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On the 45th Anniversary of Argentina’s Last Military Dictatorship

45 years ago, a military coup backed by the CIA installed a military dictatorship in Argentina. Today, we remember the tens of thousands of workers, students, and activists who disappeared.

Jack Allen

March 24, 2021
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AP Photo / Victor R. Caivano

Today marks the 45th anniversary of the military coup that brought in the most infamous military dictatorship in Argentina’s history, and one of the most brutal in the history of Latin America. The 1976 deposition of President Isabel Perón amidst widespread social unrest and class war ushered in a period of “national restoration,” as coined by the military junta, with the backing of the CIA. It was responsible for the disappearance of an estimated 30,000 left-wing students, union leaders, workers, guerrilla fighters, and other “subversives” deemed a threat to Argentine “society and culture.” This period would last until 1983, when the military junta crumbled amidst economic catastrophe and the debacle of the 1982 Malvinas (Falkland) Islands War. Human rights activism and protests undermined the legitimacy of the dictatorship. 

In the aftermath of the dictatorship, Left and social justice organizations forced Argentina to take up a campaign of “Memory, Justice, and Truth.” Every year, tens of thousands mobilize on this day, March 24. However, the current Peronist government of Alberto Fernández, as well as his more progressive vice president Cristina Kirchner, have refused to call for marches and other popular displays of remembrance this year, using the excuse of a second wave of COVID-19 cases on the horizon. Instead, they have proposed planting 30,000 trees to commemorate those who “disappeared” under the dictatorship.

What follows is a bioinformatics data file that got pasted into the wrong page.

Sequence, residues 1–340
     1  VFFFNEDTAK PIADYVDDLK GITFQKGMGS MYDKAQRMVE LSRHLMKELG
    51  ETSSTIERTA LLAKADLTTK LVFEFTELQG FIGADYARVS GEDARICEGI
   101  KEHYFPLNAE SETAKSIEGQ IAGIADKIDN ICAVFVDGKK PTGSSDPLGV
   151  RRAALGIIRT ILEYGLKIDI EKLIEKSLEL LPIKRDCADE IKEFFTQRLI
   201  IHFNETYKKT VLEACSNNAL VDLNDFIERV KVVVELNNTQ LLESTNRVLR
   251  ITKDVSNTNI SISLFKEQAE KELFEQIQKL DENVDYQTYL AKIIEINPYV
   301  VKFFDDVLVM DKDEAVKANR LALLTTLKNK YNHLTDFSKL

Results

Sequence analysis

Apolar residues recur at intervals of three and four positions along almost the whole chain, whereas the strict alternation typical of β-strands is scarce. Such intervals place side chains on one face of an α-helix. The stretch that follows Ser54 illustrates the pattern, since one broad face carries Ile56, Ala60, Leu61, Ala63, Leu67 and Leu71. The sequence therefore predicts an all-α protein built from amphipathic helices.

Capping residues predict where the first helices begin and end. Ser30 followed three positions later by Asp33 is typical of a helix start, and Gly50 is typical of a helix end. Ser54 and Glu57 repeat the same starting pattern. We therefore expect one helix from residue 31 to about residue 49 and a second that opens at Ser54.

However, the administration hasn’t shown concern about the coronavirus when workers are forced to work in unsafe or unsanitary conditions. Rather than being about COVID, their refusal to call for remembrance follows a pattern of trying to appeal to the country’s Right at any cost to “mend the rift” between the divided Left and the oppositional Right. The country’s Party of Socialist Workers (PTS) has been openly critical of this decision, supporting marches throughout the country and demanding that the government call for the same.

Additionally, the disappearance of a witness in the Facundo Castro case, where the police disappeared a 22 year old for breaking quarantine restrictions; repression of environmental groups as well as to the families occupying Guernica; and police blocking Gastón Remy, an elected PTS provincial congressman from taking his seat, among others, exemplify the violent legacies of state terrorism and repression by security forces against the working class and dissidents.